C-Reactive Protein and Diet Quality in Children

Part of the Nutrition and Health book series (NH)


This review examines the relationship(s) between several dietary aspects (i.e. food consumption, dietary biochemical markers and nutrient intake through food or supplements) and C-reactive protein (CRP) concentration in childhood populations. The first paper published on this topic was in 2005, and until 2011, only ten papers have been published, all of which are reviewed here.

The sample sizes of studies reviewed varied from less than 100 (three studies) to more than 1,000 participants (three studies). The remaining four studies included between about 100–300 participants. Nine of the ten studies were cross-sectional, and one was an intervention study. In the majority of the reviewed studies, foods and nutrients that are generally considered as health-protecting (e.g. grains, vegetables, fruit, dairy fatty acids, eicosapentaenoic acid, zinc, iron, magnesium and folate) were inversely related to CRP concentration (in 7 out of the 10 reviewed studies), whereas foods and nutrients that are generally considered as unhealthy (e.g. saturated fat, meat and French fries) were not significantly related to CRP concentration (in four out of six studies that reported such associations). In the remaining two studies reviewed, there was a positive effect of total and different types of fatty acids to CRP and an additive effect of foods, assessed via dietary indices, considered ‘unhealthy’, to increasing CRP concentration. In summary, preliminary evidence shows that a healthy diet may be protective against inflammation as shown by the lower CRP concentration; nevertheless, since the number of studies conducted is limited and there is considerable heterogeneity in the dietary markers used, the participants’ age and the sample sizes, definitive conclusions cannot be drawn. With regard to ‘unhealthy’ dietary components or markers, the evidence is less clear; nevertheless, there is some evidence pointing to the direction of focusing research on the additive role of foods or components, generally considered ‘unhealthy’. In conclusion, although there is some evidence on the role of diet on CRP concentration in children, more research is needed in order to better understand this relationship.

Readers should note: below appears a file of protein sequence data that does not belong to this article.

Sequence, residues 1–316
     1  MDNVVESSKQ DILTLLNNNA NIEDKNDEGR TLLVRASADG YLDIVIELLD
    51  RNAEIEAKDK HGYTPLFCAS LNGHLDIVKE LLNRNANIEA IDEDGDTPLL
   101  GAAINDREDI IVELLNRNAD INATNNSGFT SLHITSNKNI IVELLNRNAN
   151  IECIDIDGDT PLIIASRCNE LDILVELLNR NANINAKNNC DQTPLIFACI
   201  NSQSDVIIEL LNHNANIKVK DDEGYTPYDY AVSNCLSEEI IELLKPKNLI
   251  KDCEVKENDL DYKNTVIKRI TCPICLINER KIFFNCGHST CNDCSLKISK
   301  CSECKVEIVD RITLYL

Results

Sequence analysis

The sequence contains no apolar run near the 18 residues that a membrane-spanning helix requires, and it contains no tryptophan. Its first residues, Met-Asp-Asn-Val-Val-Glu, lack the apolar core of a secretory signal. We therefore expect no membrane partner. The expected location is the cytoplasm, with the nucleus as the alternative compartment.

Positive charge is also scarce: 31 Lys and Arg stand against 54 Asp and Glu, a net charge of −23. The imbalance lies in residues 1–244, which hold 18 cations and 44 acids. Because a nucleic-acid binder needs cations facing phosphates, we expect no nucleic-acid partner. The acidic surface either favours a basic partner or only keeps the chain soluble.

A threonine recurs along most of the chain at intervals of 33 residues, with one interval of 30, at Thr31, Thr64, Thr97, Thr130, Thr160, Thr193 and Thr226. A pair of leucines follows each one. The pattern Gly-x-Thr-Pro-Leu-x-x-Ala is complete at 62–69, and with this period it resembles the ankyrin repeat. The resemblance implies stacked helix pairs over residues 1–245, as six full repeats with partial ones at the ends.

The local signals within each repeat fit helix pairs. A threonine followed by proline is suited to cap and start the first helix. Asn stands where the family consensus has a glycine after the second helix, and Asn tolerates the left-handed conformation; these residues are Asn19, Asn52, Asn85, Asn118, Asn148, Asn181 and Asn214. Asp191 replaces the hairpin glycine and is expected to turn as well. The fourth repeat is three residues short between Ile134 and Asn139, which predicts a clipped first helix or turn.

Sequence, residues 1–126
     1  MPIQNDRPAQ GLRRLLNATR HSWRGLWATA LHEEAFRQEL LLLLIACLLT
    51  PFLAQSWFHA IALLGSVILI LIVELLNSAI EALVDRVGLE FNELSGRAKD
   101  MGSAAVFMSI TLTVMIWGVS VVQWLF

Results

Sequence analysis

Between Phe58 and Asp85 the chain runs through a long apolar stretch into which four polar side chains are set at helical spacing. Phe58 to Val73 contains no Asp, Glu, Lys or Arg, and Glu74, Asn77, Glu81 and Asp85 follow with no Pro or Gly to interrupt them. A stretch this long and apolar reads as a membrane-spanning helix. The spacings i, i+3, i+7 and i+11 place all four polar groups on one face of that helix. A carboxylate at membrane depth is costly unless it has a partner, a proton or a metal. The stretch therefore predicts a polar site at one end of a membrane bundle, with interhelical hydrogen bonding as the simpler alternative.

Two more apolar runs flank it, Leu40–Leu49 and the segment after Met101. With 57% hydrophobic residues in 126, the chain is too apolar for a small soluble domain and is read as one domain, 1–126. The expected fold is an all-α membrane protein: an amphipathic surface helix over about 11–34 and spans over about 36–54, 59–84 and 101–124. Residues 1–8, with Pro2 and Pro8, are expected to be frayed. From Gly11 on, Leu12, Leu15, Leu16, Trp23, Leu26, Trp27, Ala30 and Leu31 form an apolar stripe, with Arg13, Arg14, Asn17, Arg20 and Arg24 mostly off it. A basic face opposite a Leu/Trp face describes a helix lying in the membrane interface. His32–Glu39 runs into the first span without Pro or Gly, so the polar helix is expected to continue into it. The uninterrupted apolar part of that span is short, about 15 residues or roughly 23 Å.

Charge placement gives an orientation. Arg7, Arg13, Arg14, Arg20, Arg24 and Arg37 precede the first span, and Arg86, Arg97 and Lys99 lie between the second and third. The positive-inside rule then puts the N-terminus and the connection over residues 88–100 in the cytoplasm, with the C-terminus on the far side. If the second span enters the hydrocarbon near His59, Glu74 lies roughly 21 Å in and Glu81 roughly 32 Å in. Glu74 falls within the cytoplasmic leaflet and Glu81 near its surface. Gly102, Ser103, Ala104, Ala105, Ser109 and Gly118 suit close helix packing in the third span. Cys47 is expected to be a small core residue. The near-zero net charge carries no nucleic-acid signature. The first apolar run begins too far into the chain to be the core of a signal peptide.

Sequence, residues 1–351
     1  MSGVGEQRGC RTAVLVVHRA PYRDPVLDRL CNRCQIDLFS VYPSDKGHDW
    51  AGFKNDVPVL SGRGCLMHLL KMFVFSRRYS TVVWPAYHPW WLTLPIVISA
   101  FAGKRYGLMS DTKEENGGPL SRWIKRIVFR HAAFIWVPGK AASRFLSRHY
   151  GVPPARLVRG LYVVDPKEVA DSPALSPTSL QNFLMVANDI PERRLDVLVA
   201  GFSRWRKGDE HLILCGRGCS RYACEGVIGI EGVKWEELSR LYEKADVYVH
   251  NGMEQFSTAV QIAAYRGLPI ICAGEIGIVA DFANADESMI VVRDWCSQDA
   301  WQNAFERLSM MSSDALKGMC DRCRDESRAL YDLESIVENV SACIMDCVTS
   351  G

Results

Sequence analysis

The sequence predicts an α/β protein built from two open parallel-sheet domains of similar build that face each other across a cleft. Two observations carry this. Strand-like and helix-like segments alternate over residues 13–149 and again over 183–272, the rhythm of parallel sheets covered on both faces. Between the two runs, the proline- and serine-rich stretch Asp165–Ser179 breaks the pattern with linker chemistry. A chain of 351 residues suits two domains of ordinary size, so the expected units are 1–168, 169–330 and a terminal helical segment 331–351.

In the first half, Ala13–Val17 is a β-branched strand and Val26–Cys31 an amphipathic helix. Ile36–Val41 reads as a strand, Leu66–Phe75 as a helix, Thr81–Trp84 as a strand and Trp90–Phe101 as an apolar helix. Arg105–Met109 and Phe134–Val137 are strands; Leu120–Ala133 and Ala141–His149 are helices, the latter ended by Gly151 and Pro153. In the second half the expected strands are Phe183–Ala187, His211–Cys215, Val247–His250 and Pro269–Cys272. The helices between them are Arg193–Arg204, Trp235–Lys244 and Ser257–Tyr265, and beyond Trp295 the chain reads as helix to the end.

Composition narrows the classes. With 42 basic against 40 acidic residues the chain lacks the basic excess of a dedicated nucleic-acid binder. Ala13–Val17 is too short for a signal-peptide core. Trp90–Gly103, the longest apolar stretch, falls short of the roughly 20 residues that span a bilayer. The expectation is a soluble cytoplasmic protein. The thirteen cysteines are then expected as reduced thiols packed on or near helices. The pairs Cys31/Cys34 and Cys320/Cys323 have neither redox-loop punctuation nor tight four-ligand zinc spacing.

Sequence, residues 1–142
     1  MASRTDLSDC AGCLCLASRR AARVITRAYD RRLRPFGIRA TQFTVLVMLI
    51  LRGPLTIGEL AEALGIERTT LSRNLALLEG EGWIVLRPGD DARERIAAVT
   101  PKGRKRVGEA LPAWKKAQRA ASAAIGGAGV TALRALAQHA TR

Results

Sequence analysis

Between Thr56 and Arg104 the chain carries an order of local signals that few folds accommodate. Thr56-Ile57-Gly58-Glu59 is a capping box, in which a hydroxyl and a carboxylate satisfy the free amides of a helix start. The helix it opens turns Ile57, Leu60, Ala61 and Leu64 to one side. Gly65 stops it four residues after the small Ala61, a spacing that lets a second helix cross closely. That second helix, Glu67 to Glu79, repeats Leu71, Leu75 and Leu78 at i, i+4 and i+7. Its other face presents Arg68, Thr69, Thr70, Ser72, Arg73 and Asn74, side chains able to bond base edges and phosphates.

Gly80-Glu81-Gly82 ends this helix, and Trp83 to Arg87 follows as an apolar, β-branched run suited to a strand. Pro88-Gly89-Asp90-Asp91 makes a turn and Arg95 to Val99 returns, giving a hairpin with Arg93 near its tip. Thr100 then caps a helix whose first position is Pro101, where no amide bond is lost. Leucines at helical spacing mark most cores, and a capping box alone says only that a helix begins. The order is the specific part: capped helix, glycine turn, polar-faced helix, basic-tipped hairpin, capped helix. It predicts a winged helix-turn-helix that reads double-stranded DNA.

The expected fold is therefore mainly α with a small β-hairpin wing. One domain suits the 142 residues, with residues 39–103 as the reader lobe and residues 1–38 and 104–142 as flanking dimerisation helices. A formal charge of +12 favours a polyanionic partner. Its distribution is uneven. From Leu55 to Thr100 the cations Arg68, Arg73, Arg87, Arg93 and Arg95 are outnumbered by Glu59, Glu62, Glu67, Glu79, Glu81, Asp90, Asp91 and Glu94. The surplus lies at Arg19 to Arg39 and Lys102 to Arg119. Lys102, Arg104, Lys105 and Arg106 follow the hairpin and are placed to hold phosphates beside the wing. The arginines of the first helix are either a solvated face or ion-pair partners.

hs-CRP Adiposity Inflammation Atherosclerosis Diet Children Dietary indices 



Body fat percentage


Bioelectrical impedance analysis


Body mass index


Cholesterol esters


C-reactive protein


Cardiovascular disease






Mediterranean Diet Quality Index for children








Odds ratio




Recommended Daily Allowance


Standard deviation score


Socioeconomic status


Waist circumference


Waist to hip ratio


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Copyright information

© Springer Science+Business Media New York 2013

Authors and Affiliations

  1. 1.Ministry of Education and Culture, Cyprus Food & Nutrition MuseumEngomi, NicosiaCyprus
  2. 2.Department of Life and Health Sciences, School of SciencesUniversity of NicosiaNicosiaCyprus

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